Little ones can have picky palates. Maybe they don't like the color, the shape, the taste (kids prefer sweet over bitter), the texture, or the smell. Perhaps they don't want to try something new because the familiar is just that, and tasty. So, what can you do to encourage your child to expand into new foods?

Keep only the food you want eaten in your home.

It is easier to say "no" to snacks and prepackaged food when they are not in the house. There is a big difference in, "You can't have (fill in blank) now." versus "We don't have (fill in blank), honey."

Take stock of what's on your plate.

Make sure you have the same food on your plate that you are offering your child. It may be challenging to get your child to eat the food if you do not eat it.

Encourage healthy grazing.

Give your child a variety of healthy foods to choose from. Introduce vegetables as soon as your kids could begin eating solids. Ground and mash organic vegetables for them. Then upgrade to small "nibble plates" for the kids when they move into toddlerhood — veggies and fruits cut into small pieces that the kids could manipulate, but not choke on, on miniature plastic plates.

Dip it or pair it.

Just about every vegetable in our home was initially dipped into ranch dressing, low sodium soy, ketchup, or peanut butter. The kids ventured into hummus and salsas when they felt braver. The kids also paired apples with cheese and bananas with yogurt or peanut butter.

Play with it.

I learned a lot when I encouraged playing with food. Broccoli became "bushes" and asparagus was "trees." Mini carrots were "missiles" and celery was "slides." The kids enjoyed eating these imaginary items.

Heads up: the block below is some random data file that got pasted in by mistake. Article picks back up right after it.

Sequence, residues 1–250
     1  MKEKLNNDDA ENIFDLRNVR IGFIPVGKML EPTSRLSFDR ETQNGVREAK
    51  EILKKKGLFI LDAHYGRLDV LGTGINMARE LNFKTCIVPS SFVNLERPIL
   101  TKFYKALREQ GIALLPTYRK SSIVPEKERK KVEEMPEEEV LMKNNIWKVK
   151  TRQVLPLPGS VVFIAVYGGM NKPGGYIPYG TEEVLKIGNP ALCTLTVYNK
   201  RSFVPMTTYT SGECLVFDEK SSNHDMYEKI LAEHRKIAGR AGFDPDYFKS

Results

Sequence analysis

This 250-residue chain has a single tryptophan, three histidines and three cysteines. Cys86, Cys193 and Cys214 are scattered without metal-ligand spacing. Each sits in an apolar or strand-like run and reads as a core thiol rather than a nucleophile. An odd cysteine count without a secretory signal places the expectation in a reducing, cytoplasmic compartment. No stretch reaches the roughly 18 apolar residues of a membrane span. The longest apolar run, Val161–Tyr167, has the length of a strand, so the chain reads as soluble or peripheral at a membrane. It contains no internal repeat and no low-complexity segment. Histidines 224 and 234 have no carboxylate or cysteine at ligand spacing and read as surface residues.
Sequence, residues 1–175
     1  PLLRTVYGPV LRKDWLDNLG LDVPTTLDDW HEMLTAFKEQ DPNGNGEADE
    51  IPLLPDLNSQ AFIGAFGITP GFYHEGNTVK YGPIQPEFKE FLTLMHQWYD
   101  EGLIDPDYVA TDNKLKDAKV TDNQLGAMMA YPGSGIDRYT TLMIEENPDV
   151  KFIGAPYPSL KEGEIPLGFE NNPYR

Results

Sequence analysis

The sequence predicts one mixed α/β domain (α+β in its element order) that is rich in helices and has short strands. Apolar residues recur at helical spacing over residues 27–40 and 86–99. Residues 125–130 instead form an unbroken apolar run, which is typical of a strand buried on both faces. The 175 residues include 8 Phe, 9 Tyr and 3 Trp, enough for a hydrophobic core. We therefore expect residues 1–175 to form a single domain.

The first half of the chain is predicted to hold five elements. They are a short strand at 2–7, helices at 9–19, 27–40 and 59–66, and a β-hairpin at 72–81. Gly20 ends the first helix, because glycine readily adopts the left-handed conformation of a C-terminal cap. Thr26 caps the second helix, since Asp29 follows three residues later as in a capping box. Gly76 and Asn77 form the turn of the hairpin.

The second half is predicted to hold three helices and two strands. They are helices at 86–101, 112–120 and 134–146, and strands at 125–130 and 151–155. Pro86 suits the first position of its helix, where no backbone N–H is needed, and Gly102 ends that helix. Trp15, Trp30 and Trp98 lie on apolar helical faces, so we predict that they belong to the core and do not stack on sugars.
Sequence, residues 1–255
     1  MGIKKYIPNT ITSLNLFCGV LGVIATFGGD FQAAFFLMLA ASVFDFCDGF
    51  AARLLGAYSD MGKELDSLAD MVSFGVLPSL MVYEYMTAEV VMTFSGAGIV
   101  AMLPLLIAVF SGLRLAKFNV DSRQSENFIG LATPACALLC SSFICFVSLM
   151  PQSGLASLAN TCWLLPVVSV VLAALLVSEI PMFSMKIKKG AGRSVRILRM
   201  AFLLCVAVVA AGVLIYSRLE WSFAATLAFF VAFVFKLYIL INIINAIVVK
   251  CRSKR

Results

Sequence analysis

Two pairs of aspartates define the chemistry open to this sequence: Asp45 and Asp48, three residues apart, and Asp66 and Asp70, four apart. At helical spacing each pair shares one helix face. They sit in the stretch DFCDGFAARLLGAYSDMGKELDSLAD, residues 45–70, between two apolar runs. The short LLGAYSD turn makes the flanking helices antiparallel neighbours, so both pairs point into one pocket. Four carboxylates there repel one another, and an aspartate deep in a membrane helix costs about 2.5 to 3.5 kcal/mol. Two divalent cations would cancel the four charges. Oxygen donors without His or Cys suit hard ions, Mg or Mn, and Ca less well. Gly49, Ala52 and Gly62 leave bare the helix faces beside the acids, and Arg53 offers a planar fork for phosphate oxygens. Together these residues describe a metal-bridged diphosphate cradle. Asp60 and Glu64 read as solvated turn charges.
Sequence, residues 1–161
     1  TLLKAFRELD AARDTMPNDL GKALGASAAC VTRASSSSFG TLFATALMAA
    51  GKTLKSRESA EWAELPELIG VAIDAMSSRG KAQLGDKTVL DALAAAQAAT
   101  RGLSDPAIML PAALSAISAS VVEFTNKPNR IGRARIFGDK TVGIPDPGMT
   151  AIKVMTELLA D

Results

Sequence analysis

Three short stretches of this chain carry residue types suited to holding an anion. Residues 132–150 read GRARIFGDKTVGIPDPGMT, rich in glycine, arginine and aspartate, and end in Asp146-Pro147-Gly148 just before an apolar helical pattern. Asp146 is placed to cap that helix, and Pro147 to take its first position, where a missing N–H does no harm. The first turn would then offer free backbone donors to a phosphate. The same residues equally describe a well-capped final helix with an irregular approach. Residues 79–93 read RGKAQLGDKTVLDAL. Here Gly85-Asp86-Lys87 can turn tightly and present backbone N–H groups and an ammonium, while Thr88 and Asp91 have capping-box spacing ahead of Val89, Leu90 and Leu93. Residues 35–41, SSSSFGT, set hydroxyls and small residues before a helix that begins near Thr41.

Feed when hungry.

Your child will be more likely to try food if they are hungry. Limit snacking and provide only vegetables and fruit if your child cannot wait to eat.

Use the food as an ingredient.

Consider adding the unpopular, like zucchini, to muffins or pesto. I introduced tomatoes and cauliflower in soups.

Ask for help.

Kids love to help their parents. Your child can help with food preparation and serving, in safe age-appropriate ways. My kids measured out vegetable servings in plastic and metal cups and put them onto plastic plates. They were also able to put the dipping sauces in small plastic bowls and then place them on the table.

Respect your child's wishes.

Realize your child's palate may not expand at the rate you desire, even though you may have tried every idea known to you. Accept your child's "no" if you have tried to get your child to eat a certain food and they have refused. They may come back to it later, or never. Everyone has foods and textures they love as well as those they strongly dislike.